Pink truck helps raise breast cancer awareness



As a breast cancer survivor, Cecil Herrin wants to do all that he can to raise awareness, particularly among men. He now has a big pink vehicle in which to do it.

Augusta Ready Mix painted one of its trucks hot pink and put Herrin’s picture on the side to draw awareness to breast cancer. The truck includes the message, “Early detection is the key to survival for all.”
Herrin is one of the rare men who get breast cancer. The American Cancer Society estimates 2,240 men in the U.S. will get the disease this year, compared with 234,580 women – 0.95 percent of breast cancer cases – and 410 will die from it, about 1 percent of all deaths.

“It’s rare, but I think last year we had two men,” said Pam Anderson, the cancer services program coordinator for University Hospital. That is about the annual average.

Herrin believes there is a dearth of awareness about it among men.

“Breast cancer for men is the most unknown thing there is,” he said.

Karen Hunt, a partner at Augusta Ready Mix, said she was shocked when she found out their longtime customer had breast cancer.

“I was really surprised he had to go through that,” she said.

Terry Davis, a partner in Augusta Ready Mix, said the idea of painting their trucks came to him years ago while watching soldiers return at the airport.

“I said, ‘How can I bring some attention to them? I’m a patriot,’ ” he said.

After getting proper permission, the company has trucks honoring the Army, Navy, Marine Corps, and Coast Guard. It has another truck that honors Golden Harvest Food Bank and one that honors the city of Augusta.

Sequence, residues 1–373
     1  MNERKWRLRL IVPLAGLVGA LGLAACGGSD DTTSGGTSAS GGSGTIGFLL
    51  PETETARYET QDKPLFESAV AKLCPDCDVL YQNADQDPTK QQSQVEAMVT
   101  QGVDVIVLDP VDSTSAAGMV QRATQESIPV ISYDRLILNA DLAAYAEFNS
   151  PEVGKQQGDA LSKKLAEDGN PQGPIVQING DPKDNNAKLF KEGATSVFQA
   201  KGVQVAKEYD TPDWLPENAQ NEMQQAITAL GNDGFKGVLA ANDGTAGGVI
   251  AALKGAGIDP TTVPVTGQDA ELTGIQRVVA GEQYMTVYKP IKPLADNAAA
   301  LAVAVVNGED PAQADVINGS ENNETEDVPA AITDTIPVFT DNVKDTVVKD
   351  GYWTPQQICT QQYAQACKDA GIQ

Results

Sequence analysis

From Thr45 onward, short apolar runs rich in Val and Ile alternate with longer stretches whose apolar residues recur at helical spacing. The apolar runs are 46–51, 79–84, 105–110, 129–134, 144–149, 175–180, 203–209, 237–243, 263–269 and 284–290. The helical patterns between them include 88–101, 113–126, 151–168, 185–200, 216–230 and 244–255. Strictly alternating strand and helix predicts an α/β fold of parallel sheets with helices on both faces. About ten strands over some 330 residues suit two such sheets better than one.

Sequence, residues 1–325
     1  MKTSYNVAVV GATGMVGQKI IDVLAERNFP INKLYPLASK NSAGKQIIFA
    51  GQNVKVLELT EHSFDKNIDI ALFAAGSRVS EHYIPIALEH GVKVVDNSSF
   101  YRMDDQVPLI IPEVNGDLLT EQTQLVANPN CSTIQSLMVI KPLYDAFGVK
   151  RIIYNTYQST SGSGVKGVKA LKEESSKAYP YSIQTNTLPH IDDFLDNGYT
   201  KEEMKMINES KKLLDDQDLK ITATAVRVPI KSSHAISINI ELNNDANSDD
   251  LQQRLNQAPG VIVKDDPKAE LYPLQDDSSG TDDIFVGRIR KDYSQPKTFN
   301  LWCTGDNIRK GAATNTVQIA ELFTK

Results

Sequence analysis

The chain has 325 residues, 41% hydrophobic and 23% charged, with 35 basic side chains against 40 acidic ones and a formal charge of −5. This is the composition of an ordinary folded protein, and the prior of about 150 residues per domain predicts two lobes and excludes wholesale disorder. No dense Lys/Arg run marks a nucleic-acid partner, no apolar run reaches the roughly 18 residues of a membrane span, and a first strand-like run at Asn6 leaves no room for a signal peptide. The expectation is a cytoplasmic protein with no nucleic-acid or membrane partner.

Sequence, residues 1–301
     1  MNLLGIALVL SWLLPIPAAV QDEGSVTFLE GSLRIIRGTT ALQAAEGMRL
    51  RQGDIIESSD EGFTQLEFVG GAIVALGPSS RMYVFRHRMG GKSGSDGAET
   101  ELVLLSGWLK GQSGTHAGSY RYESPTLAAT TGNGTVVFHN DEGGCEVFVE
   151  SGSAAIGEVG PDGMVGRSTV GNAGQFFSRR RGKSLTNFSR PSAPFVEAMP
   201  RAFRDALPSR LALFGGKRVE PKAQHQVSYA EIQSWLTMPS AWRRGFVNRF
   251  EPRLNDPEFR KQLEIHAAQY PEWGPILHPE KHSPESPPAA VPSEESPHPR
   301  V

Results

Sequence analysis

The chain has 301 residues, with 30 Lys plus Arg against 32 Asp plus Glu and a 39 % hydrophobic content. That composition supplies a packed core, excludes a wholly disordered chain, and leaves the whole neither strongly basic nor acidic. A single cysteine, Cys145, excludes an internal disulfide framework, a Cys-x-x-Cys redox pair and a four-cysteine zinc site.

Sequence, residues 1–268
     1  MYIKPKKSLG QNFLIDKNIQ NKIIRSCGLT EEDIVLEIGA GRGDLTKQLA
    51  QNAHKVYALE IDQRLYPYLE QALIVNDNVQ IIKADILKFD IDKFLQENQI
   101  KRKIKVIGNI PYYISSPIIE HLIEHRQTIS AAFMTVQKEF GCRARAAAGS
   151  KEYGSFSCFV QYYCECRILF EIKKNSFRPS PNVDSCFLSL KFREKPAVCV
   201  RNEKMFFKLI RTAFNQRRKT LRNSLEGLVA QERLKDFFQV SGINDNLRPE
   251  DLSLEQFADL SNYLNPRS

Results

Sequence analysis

The idea of having a pink truck caused a little hesitation at first among the drivers, Davis said, until they saw it.

“I’d drive it in a heartbeat,” Davis said.

“It is beautiful,” Herrin said.

It is delivering its message to a segment of the society that doesn’t often hear about early detection with breast cancer.

“We’re just trying to bring awareness to the male world that we live in,” Davis said. “We live in a male world in the construction industry.”

Said Hunt: “We’ve got a great audience.”

The point, Anderson said, is to look for changes in the breast, a lump or redness or discharge, and not to ignore it.

“Because men tend to think it is not anything,” she said. “They may be more apt to ignore a lump versus a woman.”

“Any lump, we say get checked,” Anderson said.

Now Augusta has a big pink reminder rumbling through its streets.

“It’s a rolling billboard for breast cancer,” Herrin said. “That’s better than any billboard I could have put up.”



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